From the TUC

CETA: why TTIP’s death is being exaggerated

29 Aug 2016, by in International

The UK media this weekend has reported the death of the Trans-Atlantic Trade and Investment Partnership (TTIP), the EU-US so-called trade deal which – as Buzzfeed reported this week – would legalise corporate malfeasance and profiteering by including a discredited Investor State Dispute Settlement (ISDS) mechanism. But, as with Mark Twain, rumours of TTIP’s death are exaggerated. And the reason for its death being faked is to smuggle a similarly bad so-called trade deal with Canada through.

The announcement of the ‘death’ of TTIP was made by Sigmar Gabriel, Angela Merkel’s deputy in the German government, and leader of the social democratic SPD which is in coalition with Merkel’s Christian democrats. Gabriel, who is economic affairs minister as well as vice-chancellor, said that:

“In my opinion, the negotiations with the United States have de facto failed, even though nobody is really admitting it.”

But why would such an erstwhile supporter of the sort of free trade deals which have given globalisation such a bad name be willing to admit defeat so publicly? The answer is that he is trying to smuggle through the much more advanced Canada-EU deal known as the Comprehensive Economic and Trade Agreement (CETA), without anyone noticing.

CETA contains very similar threats to those in TTIP. It contains a slightly watered down version of ISDS, called the Investment Court System (ICS), which is itself an attempt to smuggle the main principles (and threats) of ISDS past a sceptical European Parliament and a hostile European citizenry. Its market access provisions would threaten public services and block possible renationalisations, and its provisions on workers’ rights would threaten abusers with nothing but a strongly worded committee report, as opposed to the billion-dollar fines involved in ISDS or ICS.

On 19 September, an SPD convention will consider whether to back Sigmar Gabriel’s support for CETA. German unions and the SPD left are opposed to both CETA and TTIP, and there will be demonstrations against both across Germany between now and the party convention. Gabriel is banking on TTIP being more unpopular than CETA because it’s better known and because the US has a worse reputation for capitalist greed than Canada (especially now that the radical shine has come off US President Obama, but relatively new Canadian Premier Justin Trudeau is still untainted). By pronouncing the death of TTIP, Gabriel is hoping to persuade his party to back CETA (after which TTIP would, no doubt, rise zombie-like from its fictitious grave.)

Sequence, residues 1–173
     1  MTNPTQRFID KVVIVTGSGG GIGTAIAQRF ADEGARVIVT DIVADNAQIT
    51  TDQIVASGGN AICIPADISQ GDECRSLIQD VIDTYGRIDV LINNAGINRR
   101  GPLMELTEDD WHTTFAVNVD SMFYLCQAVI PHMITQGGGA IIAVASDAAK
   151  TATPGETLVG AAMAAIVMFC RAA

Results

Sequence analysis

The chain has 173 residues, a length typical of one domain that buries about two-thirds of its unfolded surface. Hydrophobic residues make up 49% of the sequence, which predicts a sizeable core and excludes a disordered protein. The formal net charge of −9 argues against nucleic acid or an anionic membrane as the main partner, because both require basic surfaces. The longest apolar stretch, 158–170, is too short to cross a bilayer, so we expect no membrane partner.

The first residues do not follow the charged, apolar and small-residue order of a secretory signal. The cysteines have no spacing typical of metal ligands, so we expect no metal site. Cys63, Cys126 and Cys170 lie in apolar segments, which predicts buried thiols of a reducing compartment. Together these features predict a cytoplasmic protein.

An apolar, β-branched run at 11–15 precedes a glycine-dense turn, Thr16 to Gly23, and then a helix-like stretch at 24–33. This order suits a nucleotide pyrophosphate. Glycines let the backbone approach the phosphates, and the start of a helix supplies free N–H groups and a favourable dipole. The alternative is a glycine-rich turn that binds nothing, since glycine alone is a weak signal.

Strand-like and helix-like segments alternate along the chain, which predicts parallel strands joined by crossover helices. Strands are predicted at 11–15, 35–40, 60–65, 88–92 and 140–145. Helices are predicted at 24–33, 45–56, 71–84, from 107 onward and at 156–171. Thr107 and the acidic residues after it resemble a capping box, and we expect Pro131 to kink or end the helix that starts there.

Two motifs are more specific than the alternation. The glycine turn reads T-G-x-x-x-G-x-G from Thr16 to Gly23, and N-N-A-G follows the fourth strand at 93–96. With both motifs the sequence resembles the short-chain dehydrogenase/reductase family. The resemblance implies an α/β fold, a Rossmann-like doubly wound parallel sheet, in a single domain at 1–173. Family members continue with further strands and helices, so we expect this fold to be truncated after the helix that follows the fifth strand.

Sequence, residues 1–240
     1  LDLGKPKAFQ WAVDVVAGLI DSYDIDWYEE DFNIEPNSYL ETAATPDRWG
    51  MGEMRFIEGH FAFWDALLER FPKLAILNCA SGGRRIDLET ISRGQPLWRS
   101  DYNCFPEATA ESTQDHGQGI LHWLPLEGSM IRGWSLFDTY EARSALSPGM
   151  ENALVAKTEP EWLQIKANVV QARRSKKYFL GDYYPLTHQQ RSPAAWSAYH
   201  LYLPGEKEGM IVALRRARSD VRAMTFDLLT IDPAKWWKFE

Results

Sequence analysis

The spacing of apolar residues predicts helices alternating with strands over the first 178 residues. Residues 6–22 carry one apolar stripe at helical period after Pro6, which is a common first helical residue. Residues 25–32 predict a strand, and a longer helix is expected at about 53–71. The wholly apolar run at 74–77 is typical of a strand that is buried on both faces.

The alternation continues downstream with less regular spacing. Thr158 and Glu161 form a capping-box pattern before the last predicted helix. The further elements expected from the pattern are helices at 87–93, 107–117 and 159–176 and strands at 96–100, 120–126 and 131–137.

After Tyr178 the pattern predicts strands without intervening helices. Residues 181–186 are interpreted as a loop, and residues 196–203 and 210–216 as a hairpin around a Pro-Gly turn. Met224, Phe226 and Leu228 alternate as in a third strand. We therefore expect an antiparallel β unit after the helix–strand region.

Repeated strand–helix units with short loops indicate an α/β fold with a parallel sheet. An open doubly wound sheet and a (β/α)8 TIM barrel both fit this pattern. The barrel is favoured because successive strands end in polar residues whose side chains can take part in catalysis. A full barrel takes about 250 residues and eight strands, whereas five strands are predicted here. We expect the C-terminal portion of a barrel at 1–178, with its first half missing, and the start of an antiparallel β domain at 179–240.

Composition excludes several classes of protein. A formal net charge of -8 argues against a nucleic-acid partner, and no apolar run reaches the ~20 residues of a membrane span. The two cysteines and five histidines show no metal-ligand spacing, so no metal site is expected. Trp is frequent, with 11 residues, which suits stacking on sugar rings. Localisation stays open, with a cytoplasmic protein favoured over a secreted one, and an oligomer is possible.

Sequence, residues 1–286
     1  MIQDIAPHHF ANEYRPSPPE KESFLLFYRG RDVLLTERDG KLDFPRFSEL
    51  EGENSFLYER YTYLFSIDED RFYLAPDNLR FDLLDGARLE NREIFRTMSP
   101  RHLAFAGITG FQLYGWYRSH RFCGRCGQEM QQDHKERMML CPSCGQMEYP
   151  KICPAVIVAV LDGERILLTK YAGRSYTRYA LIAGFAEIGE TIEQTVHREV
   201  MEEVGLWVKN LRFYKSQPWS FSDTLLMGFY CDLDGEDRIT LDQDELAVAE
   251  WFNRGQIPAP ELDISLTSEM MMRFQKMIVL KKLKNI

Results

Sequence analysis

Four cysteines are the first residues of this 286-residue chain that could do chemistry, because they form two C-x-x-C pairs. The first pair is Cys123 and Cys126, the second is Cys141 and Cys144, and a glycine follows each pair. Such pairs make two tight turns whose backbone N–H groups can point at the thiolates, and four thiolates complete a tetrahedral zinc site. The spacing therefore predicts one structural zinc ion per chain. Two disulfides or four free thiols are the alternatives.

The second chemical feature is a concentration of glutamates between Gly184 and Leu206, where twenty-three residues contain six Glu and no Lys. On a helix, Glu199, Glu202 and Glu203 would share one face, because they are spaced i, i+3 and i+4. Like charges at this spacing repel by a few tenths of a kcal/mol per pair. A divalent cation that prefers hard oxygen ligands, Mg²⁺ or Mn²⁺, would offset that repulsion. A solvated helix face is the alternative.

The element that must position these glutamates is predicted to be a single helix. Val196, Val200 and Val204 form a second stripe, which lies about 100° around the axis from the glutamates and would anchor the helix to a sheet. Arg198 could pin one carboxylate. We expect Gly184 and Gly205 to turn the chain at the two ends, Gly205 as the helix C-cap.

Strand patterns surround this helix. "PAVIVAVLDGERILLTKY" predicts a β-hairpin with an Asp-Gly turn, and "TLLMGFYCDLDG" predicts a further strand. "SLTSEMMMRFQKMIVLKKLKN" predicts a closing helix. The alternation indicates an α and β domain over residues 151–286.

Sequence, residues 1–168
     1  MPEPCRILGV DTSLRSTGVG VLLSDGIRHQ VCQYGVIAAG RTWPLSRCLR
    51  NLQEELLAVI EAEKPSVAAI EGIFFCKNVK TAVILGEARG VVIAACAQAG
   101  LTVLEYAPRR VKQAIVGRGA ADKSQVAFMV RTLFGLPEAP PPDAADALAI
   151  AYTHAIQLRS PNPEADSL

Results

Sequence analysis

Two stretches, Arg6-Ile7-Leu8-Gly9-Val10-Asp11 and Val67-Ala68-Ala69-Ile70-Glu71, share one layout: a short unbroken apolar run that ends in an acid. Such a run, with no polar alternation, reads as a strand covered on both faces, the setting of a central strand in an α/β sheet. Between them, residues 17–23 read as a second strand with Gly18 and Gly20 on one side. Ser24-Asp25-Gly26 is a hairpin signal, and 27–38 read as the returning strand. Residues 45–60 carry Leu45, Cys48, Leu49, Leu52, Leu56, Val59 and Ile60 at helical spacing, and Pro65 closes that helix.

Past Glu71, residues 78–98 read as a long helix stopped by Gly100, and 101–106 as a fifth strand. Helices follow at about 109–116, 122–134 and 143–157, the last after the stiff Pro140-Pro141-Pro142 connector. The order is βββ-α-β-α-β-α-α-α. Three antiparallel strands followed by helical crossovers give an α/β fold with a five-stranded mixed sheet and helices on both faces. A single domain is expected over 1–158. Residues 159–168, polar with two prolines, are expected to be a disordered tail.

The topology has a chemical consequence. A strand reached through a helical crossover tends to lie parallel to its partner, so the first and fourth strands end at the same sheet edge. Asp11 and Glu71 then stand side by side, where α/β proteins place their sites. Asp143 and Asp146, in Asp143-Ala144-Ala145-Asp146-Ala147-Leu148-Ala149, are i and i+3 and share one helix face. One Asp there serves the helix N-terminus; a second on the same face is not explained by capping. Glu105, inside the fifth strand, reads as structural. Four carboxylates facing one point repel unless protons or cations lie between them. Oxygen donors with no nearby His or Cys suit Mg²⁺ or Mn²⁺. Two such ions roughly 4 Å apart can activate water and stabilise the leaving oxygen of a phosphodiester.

This trick seems to be working in the UK, where many media reports focus solely on TTIP (even in their coverage this weekend of the Gabriel pronouncement) and where even campaign groups like 38 Degrees who have been forthright opponents of TTIP have failed to appreciate that CETA – dubbed by the TUC as TTIP’s dangerous cousin – poses the same threats, will arrive sooner, and actually provides rapacious US corporations which mostly exist in Canada too with all that TTIP would offer them in terms of access to UK public services and investment protection payouts.

But there’s less evidence that the trick will work where Gabriel needs it to: in his own party convention next month. Meanwhile the TUC’s campaign against CETA, which will be voted on in the European Parliament this Autumn, will be stepping up a gear too.

3 Responses to CETA: why TTIP’s death is being exaggerated

  1. Trade deals still on the Brussels agenda – we say no!
    Sep 21st 2016, 9:21 am

    […] is in serious trouble, although we’re still worried it will rise zombie-like from the grave. But our main priority just now is stopping CETA. Yesterday’s demonstration […]

  2. Lord Price, show CETA the door at Bratislava castle
    Sep 22nd 2016, 5:33 pm

    […] Lord Fox has shown he is concerned about the impact of trade deals on public services in the past.  He was one of the almost 50 Tory MPs that threatened to derail the Queen’s speech in May by calling for an amendment to make clear  public services would be protected in TTIP.  A basic look at CETA reveals that the deal contains very similar threats to public services as TTIP.  […]

  3. New declaration shows why countries must say NO to CETA deal
    Oct 7th 2016, 3:51 pm

    […] is impossible to square with the fact that CETA contains the Investment Court System which is a special court system expressly designed to give foreign investors more rights than domestic investors to sue governments if they act or regulate in a way that can be interpreted […]